Even if foreclosure affects on credit rating, you can manage your finances wisely and rebuild credit after foreclosure. All you need is to stick to your budget, make debt payments in time and avoid overspending.
Posted on: 24th May, 2006 07:15 am
If you were quit claimed on to a property and are not on the loan. If the property get foreclosed on will this effect your credit? Will a forecoseure show up on your credit report? And how do you find out if the other person on the title who does carry the loan has missed payments and may be near a default?
hi alex,

welcome to mortgagefit discussion board.

if it is becoming hard for you to continue the payments then talk with your lender about any forbearance plan under which your payments can be stopped for few months to help you recover from financial problems you are facing and then continue the payments.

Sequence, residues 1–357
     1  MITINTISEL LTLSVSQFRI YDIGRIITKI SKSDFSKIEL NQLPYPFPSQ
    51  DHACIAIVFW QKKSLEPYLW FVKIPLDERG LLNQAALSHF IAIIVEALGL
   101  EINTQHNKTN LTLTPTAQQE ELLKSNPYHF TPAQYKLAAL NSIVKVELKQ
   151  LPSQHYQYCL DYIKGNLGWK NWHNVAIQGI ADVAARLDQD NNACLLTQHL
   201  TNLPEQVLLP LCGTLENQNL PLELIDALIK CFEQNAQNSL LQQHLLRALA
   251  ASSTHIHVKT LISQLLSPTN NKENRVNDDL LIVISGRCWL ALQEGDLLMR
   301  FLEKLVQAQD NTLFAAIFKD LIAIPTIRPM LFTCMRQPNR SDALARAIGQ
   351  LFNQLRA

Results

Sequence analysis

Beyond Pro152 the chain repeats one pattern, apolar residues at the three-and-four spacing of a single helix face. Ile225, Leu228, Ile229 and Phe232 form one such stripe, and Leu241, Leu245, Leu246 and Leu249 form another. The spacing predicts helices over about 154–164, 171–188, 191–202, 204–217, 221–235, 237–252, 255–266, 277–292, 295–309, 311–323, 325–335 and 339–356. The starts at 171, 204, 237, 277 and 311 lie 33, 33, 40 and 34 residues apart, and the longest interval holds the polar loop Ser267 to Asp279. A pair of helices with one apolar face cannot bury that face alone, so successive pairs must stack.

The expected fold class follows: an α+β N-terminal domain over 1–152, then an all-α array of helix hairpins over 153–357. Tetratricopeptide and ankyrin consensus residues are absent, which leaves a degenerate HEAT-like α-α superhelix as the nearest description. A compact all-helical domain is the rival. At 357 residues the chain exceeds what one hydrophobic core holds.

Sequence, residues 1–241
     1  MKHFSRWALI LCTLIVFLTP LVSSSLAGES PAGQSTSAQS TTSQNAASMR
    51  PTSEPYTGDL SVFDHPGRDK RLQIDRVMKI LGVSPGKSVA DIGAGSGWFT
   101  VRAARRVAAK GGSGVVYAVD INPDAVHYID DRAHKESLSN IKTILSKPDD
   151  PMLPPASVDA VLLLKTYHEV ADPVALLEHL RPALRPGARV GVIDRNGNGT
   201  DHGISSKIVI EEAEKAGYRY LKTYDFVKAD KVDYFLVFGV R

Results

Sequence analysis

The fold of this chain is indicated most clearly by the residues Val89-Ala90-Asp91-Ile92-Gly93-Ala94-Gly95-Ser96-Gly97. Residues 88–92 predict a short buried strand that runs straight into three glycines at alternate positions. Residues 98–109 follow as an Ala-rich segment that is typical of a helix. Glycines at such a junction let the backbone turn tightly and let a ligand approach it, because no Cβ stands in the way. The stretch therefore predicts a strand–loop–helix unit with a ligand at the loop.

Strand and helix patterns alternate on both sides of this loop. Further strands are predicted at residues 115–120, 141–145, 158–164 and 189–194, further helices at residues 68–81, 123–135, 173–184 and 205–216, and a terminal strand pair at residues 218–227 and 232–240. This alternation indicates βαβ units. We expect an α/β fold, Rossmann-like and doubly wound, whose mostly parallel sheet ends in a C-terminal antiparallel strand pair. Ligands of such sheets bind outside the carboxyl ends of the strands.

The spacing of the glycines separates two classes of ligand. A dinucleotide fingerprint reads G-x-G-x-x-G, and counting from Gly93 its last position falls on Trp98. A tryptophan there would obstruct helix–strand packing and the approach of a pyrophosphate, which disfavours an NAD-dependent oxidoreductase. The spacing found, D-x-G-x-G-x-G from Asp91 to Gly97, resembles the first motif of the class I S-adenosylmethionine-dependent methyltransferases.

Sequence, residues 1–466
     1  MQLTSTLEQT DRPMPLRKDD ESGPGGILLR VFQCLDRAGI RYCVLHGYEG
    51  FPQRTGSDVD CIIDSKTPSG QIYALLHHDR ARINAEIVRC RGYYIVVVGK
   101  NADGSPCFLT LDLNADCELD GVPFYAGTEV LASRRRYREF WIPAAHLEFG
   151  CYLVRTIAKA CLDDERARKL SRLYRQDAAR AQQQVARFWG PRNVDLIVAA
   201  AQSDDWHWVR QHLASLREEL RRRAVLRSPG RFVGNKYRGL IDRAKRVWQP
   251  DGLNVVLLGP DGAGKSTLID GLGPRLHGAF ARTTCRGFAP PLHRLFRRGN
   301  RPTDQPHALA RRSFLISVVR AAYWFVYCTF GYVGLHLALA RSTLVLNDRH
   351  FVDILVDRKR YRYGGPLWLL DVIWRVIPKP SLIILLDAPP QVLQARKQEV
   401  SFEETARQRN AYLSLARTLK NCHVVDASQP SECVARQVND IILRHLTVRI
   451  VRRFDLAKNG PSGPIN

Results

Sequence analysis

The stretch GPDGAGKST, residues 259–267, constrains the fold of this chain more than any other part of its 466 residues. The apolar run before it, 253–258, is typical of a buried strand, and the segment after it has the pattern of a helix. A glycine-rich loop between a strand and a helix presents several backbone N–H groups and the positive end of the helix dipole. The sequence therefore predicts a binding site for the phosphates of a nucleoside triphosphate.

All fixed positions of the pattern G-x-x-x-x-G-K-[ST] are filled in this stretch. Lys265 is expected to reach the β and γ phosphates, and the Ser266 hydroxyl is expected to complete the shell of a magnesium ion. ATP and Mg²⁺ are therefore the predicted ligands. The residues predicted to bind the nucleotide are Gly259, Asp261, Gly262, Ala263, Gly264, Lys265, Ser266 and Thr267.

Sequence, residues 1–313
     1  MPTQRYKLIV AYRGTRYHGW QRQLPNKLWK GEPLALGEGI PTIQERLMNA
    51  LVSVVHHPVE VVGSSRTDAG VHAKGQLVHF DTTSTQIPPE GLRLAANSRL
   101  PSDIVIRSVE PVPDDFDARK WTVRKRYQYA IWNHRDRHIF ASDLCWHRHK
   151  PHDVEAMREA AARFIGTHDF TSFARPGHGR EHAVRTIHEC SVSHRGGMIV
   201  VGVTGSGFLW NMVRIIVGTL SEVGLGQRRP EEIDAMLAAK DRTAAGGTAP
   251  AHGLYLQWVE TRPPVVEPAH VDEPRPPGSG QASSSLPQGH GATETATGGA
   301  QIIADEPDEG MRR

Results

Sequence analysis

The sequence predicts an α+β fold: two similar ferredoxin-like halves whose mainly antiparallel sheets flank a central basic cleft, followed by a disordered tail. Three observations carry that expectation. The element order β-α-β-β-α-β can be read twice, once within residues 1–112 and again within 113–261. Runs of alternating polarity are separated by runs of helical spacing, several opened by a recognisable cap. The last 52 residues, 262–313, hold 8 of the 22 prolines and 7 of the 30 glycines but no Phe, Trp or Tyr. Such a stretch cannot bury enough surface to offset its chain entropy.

another way your mortgage can be saved from going into foreclosure is to set up a repayment plan in which your loan term can be extended so that you can afford the payments.

these are known as loss mitigation plans which are used to save borrower from having to face foreclosure. if these plans do not work then you may have to give up the house using a deed in lieu of foreclosure where the lender accepts the house in return to whatever balance is left on the mortgage.

a deed in lieu if accepted would be better than foreclosure as then lender would not be going for deficiency judgment. while in foreclosure lender can get a deficiency judgment against the borrower and place a lien on his other assets for recovery of his balance dues.